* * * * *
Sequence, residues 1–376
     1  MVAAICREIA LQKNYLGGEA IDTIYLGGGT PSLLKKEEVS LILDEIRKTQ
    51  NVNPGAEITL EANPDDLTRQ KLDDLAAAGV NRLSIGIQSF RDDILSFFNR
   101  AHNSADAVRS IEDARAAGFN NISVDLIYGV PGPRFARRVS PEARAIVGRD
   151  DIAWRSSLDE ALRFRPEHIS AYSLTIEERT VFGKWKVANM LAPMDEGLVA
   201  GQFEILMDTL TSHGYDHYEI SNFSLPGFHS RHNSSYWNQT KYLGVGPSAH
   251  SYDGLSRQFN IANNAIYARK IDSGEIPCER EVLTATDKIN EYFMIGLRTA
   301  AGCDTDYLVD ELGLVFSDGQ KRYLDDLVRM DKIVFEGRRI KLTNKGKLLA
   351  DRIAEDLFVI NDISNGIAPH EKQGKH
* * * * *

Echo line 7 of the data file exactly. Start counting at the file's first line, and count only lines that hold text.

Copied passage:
   251  SYDGLSRQFN IANNAIYARK IDSGEIPCER EVLTATDKIN EYFMIGLRTA